CIHA 2016 in Beijing
34th World Congress of Art HistoryAbout History Press Release Sessions Schedule Activities Participants Venue Discussion Registration Closed
“Without any aid whatever from the artist's pencil”? Persian Photography at the Crossroad between Europe and China
Session 7 Translation and Change
University of Oxford
In 1844, the same year W.H.F. Talbot published his seminal book The Pencil of Nature in Britain, the first photograph was taken in Iran. Two years earlier Queen Victoria had sent a camera as a gift to Naser-al- Din Shah, King of Persia. Yet what arrived was merely an apparatus. What mattered more for the further development of the photographic picture in Persia were existing local traditions of image making, partly influenced by East Asian craft practices. Unlike in India or Egypt, where photography was an imported product of imperialism, photography in Iran was thus ‘visually translated’ early on and became a self-driven technology. The Shah actively promoted the medium and became himself a photographer. This makes the royal collection a visual source reflecting contemporary interests of politics, ideology, power and hegemony. Yet photography was not immediately accepted in Persia. Influential clerics had initially considered the new medium as ‘unreal’, since photographs were thought to be made without any help by the human hand. This was precisely the argument advocates of photography also put forward in support of the contested medium. In exploring these political, religious and philosophical debates this paper asks if and how photographs were considered a threat in a culture in which images were not unconditionally accepted.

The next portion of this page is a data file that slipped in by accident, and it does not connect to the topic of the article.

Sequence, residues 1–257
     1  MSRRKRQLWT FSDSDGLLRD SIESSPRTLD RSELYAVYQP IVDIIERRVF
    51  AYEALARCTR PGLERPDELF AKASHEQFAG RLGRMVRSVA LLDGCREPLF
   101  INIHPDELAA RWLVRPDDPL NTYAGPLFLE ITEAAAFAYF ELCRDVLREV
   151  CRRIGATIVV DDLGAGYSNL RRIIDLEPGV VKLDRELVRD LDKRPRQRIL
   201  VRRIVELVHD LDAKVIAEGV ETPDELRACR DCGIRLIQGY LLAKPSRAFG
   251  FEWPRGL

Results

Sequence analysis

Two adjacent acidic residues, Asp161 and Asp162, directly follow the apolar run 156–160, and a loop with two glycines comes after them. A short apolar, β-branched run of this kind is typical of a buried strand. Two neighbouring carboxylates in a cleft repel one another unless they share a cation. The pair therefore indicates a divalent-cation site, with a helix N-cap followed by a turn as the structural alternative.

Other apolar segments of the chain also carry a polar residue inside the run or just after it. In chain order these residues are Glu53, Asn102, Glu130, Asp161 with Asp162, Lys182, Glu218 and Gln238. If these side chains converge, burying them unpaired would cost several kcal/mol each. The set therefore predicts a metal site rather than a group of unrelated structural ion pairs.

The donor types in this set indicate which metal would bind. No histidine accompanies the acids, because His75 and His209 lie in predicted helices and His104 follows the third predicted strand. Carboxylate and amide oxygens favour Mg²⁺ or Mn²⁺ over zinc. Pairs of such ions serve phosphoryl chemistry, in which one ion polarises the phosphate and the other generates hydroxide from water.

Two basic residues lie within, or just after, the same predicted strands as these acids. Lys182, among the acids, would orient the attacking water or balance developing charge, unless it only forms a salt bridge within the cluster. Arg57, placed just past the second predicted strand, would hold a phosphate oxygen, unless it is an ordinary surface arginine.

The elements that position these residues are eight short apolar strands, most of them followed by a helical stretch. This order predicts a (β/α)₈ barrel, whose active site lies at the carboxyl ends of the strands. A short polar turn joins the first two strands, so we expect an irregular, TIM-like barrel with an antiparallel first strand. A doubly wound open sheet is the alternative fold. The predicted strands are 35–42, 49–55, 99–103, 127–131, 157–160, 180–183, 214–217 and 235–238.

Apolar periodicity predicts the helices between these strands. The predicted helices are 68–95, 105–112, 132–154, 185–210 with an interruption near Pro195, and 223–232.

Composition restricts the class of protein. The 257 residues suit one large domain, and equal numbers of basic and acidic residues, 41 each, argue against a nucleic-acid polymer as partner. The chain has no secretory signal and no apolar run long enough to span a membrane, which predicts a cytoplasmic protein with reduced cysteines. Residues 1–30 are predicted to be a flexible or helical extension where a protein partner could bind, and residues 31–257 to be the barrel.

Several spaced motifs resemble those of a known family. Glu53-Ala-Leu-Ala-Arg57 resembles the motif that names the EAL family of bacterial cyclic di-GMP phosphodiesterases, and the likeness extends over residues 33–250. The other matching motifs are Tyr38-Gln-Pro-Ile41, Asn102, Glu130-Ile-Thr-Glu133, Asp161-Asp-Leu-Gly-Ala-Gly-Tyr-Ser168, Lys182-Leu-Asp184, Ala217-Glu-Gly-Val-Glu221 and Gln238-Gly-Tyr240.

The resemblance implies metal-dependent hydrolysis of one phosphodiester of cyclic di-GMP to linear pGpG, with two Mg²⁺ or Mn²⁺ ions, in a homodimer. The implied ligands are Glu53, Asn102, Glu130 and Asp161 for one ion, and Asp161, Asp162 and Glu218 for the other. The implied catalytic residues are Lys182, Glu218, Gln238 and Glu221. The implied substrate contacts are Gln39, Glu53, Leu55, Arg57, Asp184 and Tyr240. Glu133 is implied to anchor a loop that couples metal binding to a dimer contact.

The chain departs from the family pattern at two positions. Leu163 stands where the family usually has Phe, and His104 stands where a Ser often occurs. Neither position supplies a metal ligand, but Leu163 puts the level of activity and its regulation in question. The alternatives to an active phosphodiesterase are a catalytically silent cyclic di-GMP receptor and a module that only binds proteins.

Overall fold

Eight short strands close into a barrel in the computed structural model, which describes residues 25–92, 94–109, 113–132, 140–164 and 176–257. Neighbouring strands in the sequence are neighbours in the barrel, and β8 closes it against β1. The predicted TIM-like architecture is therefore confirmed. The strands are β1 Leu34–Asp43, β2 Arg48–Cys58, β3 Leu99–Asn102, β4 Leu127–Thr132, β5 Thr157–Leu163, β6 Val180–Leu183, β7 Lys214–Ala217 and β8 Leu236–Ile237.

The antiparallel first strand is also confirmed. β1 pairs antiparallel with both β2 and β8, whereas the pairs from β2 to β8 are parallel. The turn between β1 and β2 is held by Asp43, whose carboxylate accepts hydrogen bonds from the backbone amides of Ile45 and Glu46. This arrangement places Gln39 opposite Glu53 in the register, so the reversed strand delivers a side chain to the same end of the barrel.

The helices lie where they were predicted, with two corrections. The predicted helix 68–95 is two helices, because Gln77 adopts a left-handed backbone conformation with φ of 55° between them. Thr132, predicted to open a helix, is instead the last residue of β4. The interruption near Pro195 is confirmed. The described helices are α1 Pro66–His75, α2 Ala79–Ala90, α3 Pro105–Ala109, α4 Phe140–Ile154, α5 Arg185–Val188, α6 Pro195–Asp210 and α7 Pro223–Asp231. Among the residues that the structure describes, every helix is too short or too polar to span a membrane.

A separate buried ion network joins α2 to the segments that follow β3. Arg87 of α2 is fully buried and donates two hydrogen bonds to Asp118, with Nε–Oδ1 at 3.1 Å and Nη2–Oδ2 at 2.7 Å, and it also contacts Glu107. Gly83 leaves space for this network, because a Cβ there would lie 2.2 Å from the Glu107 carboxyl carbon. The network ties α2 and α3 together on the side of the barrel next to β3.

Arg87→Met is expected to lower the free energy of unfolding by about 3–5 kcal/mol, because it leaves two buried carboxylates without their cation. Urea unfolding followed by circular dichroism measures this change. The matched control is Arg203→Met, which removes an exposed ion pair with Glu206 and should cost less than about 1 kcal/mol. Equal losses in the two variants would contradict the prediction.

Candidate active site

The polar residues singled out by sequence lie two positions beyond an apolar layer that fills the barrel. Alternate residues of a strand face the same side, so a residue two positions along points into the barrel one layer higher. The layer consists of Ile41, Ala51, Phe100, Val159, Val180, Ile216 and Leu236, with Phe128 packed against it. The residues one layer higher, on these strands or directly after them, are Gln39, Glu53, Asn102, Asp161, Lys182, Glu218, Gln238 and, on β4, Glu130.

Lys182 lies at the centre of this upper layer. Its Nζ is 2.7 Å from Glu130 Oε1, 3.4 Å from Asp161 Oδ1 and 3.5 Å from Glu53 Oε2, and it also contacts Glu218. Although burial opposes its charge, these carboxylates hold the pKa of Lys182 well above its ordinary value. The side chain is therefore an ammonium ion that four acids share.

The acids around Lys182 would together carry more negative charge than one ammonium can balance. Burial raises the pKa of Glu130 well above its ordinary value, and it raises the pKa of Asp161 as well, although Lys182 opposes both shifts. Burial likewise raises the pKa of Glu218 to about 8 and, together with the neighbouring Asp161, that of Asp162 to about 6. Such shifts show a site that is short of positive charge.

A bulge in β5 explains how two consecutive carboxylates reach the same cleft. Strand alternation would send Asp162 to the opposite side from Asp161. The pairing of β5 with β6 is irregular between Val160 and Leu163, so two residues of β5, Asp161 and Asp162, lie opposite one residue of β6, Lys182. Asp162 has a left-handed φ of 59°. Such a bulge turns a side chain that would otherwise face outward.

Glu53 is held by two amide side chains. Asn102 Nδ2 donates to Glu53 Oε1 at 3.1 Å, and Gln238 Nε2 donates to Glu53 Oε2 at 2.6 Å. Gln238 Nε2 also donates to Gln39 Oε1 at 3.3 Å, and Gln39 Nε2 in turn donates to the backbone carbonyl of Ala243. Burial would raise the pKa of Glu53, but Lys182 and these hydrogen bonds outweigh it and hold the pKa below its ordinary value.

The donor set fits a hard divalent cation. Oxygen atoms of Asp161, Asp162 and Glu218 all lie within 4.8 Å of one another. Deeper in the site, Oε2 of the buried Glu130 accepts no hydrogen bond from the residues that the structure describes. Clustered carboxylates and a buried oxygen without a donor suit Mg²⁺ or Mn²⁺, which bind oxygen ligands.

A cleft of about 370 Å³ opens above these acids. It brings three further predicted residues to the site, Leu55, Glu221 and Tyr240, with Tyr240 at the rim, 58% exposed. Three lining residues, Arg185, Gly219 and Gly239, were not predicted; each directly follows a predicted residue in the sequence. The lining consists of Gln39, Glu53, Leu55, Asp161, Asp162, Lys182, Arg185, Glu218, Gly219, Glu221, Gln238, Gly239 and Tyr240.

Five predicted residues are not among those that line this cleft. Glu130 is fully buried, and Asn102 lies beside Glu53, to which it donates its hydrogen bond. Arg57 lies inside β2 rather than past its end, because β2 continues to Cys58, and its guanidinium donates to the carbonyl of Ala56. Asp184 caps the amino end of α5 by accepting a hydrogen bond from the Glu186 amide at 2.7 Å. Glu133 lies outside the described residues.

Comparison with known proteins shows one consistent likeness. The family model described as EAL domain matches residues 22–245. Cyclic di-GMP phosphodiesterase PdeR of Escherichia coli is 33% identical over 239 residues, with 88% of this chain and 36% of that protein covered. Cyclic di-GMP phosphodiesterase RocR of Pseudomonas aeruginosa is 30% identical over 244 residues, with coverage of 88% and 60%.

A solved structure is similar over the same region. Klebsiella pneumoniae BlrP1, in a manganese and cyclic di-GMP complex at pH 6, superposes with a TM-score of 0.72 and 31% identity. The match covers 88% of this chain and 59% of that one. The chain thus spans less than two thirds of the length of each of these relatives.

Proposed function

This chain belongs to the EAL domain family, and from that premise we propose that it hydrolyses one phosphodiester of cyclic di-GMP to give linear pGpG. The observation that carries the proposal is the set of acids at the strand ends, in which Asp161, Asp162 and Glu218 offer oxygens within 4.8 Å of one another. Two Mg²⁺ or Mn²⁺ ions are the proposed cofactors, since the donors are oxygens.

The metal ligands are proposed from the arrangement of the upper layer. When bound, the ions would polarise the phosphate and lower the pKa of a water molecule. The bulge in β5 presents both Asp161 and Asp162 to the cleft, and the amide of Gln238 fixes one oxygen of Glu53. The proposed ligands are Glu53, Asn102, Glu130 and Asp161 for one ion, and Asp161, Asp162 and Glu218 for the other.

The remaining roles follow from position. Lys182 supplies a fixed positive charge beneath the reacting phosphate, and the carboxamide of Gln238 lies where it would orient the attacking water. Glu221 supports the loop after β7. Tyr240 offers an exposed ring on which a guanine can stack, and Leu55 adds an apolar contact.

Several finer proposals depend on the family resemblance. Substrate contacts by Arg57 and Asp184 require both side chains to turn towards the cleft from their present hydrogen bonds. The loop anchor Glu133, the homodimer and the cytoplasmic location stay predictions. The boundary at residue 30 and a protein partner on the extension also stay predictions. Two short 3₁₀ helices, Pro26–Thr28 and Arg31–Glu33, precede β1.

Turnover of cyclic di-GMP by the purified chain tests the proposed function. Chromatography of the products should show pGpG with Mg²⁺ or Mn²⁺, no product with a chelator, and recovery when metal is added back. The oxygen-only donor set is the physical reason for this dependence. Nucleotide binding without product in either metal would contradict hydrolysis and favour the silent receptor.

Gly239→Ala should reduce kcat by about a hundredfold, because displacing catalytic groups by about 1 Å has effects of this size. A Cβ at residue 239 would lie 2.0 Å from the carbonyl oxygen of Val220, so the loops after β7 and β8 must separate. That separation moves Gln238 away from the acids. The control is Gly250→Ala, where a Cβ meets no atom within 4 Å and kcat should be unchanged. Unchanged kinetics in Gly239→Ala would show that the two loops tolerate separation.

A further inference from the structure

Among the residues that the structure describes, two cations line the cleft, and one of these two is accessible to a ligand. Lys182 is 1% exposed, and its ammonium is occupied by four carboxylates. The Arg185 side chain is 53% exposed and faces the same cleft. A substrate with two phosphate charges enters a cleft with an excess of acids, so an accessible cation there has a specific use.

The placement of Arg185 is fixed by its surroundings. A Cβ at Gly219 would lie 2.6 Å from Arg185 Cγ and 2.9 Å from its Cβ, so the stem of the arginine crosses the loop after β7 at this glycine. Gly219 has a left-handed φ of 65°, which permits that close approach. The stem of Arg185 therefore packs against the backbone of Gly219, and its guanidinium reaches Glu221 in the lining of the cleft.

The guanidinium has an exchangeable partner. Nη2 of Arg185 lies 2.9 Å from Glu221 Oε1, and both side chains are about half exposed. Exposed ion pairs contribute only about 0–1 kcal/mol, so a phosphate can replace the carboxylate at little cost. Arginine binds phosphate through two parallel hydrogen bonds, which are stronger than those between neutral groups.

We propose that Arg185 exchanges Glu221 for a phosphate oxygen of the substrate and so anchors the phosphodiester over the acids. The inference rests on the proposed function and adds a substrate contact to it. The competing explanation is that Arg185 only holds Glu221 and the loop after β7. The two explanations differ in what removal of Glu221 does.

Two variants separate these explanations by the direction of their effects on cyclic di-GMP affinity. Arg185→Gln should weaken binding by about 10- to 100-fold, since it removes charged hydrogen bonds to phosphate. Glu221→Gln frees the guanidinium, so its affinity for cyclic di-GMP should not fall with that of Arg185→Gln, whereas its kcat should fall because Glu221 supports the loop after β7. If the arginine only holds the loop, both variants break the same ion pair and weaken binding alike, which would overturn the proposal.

Dr Mirjam Brusius, MA History of Art, Humboldt-Universität zu Berlin, PhD History and Philosophy of Science, University of Cambridge, is a Research Associate at the University of Oxford. She previously held Postdoctoral Fellowships at Harvard University, the Max Planck Institute for the History of Science, and the Kunsthistorisches Institut in Florenz. Mirjam’s research centres on the history of photography, museums, collecting and scientific voyages in and between Europe and the Middle East. Her monographs (De Gruyter 2015/The University of Chicago Press forthcoming), co- edited volume (Yale University Press 2013) and recent articles concerned the scholarly archive of the British inventor of photography, gentleman of science and antiquarian W.H.F. Talbot. Mirjam is currently working on her second book The Canon under Threat. Objects without Status and Processes of (De)canonisation of Middle Eastern archaeological Finds in 19th century Europe. She also writes on early photography in Iran and more widely in the Middle East. In 2016, she was awarded the Aby Warburg Prize for Early Career Scholars.